posted by HotToddy at 1:42 PM on June 28, 2016 [1 favorite]

Once your girl (WHERE ARE THE PICTURES) is old enough, make sure you build up her stamina, too. I mean, just like a person has to get conditioned to do long-distance anything, so will your dog. Keep a close eye on her progress. She'll get there pretty fast, but in the meantime, be patient!
posted by clone boulevard at 1:48 PM on June 28, 2016 [6 favorites]

I have no dog forecasting to offer you, only a bit of practical advice: puppies have energy, but they don't always have endurance, especially when hot. Four-legged animals aren't built like humans, and walking upright gave us a huuuge endurance advantage. We can hunt much faster animals by outlasting them in the chase, rather than outrunning them in the sprint. The advice is this: Don't hike your dog into any place you're unwilling or unable to carry her out of. As she grows, her endurance will grow, but it's not infinite, and she won't push past her exhaustion unless survival is at stake, so not for your hiking timetable.

pix plz
posted by Sunburnt at 2:18 PM on June 28, 2016 [5 favorites]

Photo link!

These are all from when she was much younger.
posted by BeaverTerror at 2:28 PM on June 28, 2016 [3 favorites]

That's one cute pup!

Here is an article discussing research on how exercise affects incidence of hip dysplasia. (Summary: before 3 months, free exercise - which did not include strenuous hikes - was helpful rather than harmful. Climbing stairs seemed harmful. After 3 months, exercise didn't seem to have an effect.)

And here is an article by a vet who says there is very little research backing up most exercise safety recommendations. She refers to a couple of studies showing that some types of exercise (playing with other dogs, stick and ball chasing) were risk factors for certain conditions.

There's a lot of middle ground between a one-hour walk and what I would consider a strenuous hike. If your pup still seems to have plenty of energy left after an hour, I'd try gradually lengthening your hikes. I know when the border collie I used to own was 5 months old an hour of walking (well, me walking while she trotted and ran and covered 3 times the distance I did) was nothing to her. Your pup might not have quite that much energy, but I'd be surprised if she couldn't handle more than an hour with no problem.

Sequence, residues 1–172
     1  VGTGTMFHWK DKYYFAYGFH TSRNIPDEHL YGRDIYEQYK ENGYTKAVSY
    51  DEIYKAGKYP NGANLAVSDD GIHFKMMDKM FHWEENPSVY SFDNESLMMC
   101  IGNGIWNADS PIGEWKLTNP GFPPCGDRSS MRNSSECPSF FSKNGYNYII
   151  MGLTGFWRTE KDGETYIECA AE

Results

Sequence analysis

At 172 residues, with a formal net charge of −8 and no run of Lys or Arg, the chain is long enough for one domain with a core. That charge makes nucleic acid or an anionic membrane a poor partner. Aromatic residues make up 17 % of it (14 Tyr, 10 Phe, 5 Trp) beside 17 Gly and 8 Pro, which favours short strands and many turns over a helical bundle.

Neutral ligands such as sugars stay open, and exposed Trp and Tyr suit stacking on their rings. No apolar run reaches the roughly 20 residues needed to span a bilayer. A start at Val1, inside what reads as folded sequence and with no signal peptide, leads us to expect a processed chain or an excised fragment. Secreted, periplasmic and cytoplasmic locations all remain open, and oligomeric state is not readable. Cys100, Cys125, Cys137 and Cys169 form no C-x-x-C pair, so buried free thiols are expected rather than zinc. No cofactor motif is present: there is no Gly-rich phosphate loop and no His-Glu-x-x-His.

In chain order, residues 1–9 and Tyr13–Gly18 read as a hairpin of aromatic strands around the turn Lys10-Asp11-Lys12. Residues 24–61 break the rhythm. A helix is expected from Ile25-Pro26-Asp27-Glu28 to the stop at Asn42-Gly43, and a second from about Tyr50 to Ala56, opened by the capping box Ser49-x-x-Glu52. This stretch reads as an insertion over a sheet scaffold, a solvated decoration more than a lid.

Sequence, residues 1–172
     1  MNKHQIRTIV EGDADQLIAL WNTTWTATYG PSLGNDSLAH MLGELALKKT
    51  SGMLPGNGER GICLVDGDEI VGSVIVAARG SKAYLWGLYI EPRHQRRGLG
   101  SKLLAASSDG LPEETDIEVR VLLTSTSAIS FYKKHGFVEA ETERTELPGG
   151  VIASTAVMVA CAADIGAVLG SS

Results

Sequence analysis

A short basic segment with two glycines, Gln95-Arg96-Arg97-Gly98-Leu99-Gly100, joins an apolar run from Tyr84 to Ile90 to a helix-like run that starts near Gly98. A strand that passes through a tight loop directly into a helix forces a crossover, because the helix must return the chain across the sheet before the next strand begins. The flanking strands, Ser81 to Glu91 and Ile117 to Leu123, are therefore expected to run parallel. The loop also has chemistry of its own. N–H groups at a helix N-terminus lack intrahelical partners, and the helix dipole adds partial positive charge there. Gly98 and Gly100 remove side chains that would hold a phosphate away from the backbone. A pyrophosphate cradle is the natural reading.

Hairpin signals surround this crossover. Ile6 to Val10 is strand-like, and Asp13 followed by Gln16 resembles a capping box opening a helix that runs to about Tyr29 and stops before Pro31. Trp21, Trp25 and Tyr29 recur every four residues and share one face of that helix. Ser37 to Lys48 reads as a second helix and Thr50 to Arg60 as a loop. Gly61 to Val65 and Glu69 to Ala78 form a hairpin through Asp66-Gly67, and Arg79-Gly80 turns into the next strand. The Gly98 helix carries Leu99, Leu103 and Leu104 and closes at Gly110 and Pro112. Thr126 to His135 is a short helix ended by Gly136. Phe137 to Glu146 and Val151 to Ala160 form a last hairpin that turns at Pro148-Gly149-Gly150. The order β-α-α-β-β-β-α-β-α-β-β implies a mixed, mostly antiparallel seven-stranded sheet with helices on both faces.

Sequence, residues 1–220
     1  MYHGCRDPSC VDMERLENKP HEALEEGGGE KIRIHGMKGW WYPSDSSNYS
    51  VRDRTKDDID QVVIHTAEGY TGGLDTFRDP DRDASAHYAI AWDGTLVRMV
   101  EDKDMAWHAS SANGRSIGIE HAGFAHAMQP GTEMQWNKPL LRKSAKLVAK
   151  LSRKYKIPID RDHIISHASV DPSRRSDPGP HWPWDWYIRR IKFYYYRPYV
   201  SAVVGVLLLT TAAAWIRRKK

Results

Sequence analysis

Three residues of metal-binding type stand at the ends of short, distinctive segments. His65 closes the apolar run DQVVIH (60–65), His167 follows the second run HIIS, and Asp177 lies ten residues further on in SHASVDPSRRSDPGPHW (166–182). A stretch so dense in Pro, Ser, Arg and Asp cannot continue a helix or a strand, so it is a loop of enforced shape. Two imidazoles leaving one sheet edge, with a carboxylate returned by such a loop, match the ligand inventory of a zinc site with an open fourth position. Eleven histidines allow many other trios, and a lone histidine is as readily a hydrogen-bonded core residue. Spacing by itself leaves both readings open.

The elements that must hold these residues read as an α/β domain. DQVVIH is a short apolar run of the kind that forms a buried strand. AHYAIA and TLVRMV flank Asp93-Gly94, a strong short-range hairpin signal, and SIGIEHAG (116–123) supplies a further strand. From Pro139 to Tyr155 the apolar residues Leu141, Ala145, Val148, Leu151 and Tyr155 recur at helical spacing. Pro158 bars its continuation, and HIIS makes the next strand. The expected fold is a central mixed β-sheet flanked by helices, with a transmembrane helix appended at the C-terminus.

posted by Redstart at 2:47 PM on June 28, 2016 [3 favorites]

The guidelines linked by HotToddy above don't seem to be particularly science-derived and, for active high-energy breeds, seem almost ludicrously conservative (swim with a life jacket always as an adult dog? Only 20 min. play time with adult dogs for puppies 6-12 months? Sustained and continuous walking in the 20-30 minute range for dogs 12-18 months?). I don't know anything about your dog's breed or current level of activity, so can't state whether they are reasonable in your particular situation, however.

Basically, I'm going to second Sunburnt above. We talked to our vet about our now-65 lb mutt (a mix of breeds not particularly prone to hip dysplasia). We live a very active lifestyle and wanted him to participate. After about 6 months she said, based on his personal history and energy level and muscle tone, that if he was game for something and didn't seem tired, it was probably okay and to let him guide us and build up to whatever he could do as long as we were prepared to carry him out of someplace if we misgauged and he bonked. He has no ability to pace himeself so we just took him for hikes/jogs of increasing length/difficulty (almost entirely off-leash and not on pavement, and we don't live someplace where heat is usually a concern) and as he seemed fine with whatever by the time he was about 8 months we took him on whatever we were doing including multi-day backpacking adventures.